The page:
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Obama Calls Meetings with Pakistani, Afghan Counterparts 'Extraordinarily Productive'

By VOA News
06 May 2009

U.S. President Barack Obama says his meetings with the presidents of Afghanistan and Pakistan were "extraordinarily productive," and that the United States has made a lasting commitment to support their democratically elected governments.

Mr. Obama spoke at the White House Wednesday after talks with Afghan President Hamid Karzai and Pakistani President Asif Ali Zardari. He said he is pleased at what he called the "unprecedented cooperation" between Afghanistan and Pakistan.

The U.S. president said his administration will make every effort to avoid civilian casualties in the war against terror in Afghanistan. He also said both Mr. Karzai and Mr. Zardari fully appreciate the seriousness of the threats that all three countries face from extremists, and are committed to confronting it.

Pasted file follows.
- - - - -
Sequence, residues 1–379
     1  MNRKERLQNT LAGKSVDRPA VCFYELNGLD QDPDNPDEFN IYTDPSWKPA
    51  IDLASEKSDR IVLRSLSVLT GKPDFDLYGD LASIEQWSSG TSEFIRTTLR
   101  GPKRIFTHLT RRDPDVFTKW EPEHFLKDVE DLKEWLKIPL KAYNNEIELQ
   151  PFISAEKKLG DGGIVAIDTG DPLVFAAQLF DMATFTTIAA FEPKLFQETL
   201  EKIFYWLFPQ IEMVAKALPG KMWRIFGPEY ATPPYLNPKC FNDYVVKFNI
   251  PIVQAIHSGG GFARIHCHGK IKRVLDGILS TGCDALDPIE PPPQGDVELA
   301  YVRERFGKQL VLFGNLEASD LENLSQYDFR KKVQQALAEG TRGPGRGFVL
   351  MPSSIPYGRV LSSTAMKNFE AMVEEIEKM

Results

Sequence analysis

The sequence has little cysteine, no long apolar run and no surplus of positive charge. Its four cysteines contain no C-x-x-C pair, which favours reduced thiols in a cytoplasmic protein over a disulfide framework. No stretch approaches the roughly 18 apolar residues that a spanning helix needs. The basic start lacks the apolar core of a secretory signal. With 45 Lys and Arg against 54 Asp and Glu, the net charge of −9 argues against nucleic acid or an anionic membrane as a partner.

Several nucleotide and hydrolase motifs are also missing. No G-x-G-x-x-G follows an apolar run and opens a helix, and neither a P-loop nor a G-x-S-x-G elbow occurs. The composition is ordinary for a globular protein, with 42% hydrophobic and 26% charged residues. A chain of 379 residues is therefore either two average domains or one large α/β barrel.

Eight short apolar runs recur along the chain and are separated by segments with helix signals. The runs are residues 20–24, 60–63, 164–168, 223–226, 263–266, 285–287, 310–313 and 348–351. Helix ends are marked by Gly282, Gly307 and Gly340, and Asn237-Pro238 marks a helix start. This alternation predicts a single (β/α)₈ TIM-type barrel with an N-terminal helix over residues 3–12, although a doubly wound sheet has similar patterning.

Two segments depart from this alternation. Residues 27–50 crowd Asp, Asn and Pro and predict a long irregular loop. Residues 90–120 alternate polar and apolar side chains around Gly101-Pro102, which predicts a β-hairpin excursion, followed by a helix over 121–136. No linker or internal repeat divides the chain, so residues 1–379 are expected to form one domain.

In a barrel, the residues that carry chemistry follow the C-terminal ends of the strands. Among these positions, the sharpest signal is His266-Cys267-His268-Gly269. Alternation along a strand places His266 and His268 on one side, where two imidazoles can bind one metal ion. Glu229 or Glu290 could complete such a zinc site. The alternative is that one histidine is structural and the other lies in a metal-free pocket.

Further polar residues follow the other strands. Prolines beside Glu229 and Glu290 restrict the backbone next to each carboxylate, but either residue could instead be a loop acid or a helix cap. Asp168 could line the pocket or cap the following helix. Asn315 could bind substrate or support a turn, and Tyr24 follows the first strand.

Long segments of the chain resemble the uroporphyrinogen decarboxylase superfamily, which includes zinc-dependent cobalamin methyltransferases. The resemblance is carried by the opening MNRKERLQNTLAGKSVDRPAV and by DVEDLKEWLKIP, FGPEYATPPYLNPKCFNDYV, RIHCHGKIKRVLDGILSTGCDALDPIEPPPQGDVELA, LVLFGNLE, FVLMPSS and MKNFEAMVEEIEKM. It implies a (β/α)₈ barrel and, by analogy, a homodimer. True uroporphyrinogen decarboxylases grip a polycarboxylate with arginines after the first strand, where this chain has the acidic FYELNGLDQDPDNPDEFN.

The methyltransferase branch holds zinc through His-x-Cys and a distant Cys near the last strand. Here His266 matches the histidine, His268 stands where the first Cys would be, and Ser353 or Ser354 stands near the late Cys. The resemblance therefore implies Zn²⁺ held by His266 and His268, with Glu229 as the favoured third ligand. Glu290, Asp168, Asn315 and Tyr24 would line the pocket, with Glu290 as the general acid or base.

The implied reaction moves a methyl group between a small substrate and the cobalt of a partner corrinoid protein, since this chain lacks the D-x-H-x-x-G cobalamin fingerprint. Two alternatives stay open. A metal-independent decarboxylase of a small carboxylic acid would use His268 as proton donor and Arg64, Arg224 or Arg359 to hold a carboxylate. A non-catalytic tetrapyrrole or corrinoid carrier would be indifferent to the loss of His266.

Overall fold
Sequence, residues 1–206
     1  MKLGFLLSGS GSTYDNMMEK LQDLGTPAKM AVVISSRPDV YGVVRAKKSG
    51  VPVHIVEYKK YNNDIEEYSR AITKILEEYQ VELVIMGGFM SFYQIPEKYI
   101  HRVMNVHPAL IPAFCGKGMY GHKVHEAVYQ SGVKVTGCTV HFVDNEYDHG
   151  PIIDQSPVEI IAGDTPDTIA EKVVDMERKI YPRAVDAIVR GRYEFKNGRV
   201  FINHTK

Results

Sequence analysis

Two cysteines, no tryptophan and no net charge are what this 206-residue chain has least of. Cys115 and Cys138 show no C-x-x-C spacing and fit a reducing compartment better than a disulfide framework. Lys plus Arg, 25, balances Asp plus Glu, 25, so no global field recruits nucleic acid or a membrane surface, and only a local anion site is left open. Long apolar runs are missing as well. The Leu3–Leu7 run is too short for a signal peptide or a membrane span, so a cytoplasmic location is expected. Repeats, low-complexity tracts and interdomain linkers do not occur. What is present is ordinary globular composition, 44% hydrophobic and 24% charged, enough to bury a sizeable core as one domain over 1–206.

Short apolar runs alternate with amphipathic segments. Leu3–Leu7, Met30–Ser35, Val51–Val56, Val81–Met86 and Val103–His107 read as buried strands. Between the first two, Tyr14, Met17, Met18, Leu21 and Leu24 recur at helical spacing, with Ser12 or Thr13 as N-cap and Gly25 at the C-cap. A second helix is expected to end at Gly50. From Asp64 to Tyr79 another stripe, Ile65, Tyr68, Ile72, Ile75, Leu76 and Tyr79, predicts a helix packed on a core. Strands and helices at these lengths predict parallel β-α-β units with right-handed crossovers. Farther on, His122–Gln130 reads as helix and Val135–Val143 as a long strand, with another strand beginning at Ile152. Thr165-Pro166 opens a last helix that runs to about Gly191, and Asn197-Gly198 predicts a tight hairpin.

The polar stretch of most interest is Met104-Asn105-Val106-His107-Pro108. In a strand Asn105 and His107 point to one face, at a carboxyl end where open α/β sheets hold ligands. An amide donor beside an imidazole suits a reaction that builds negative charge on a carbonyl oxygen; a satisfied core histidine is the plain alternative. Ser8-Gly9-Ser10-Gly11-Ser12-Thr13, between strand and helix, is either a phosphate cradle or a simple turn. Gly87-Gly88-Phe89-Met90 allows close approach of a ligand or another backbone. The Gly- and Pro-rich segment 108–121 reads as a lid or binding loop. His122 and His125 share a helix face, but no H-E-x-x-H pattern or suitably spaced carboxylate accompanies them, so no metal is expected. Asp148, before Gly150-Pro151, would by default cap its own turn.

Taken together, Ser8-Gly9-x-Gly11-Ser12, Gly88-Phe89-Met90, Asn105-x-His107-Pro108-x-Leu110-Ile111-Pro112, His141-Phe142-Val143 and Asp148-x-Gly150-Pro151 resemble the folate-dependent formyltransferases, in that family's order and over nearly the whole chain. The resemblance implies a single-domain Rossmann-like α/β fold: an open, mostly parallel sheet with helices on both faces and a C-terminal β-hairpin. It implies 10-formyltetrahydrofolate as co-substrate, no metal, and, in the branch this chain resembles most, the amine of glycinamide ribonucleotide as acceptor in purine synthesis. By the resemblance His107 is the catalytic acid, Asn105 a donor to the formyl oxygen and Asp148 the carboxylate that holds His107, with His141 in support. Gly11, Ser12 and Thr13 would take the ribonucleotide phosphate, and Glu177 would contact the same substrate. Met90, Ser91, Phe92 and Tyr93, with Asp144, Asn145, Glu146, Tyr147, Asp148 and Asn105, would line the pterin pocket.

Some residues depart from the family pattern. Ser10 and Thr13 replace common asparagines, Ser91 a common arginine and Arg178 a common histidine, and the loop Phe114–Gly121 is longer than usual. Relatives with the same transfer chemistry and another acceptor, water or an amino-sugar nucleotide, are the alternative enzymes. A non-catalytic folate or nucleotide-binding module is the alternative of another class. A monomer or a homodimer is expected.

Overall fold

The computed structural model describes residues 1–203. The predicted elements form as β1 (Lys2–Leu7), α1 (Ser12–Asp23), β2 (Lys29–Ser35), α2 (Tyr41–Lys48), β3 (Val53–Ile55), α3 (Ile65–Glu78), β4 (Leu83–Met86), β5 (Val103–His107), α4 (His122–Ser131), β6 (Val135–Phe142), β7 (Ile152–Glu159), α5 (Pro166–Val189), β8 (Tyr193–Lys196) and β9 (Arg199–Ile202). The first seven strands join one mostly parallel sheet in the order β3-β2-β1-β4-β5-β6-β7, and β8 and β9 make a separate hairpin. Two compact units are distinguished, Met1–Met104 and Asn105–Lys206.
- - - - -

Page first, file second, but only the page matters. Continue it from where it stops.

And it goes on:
Earlier in the day, U.S. Secretary of State Hillary Clinton expressed regret at the loss of civilian life in Afghanistan. Clinton said the U.S. and Afghan governments will investigate the incidents earlier this week in Farah Province, where some local officials are claiming that more than 100 civilians were killed in U.S. air strikes.

She met earlier Wednesday with Mr. Zardari and Mr. Karzai and said the U.S., Afghanistan and Pakistan face a common enemy in extremists.

Mr. Karzai said he hopes the U.S. and Afghanistan can work together to eventually eliminate the chance of civilian casualties. He said his young democracy needs attention and nurturing, and that Pakistan, Afghanistan, the U.S. and all countries of the world are victims of terrorism.

At the State Department, at the opening of the two days of high-level talks, Pakistan and Afghanistan signed a memorandum of understanding for the conclusion of a border trade and transit agreement by the end of this year. That accord has been under discussion for more than 40 years.

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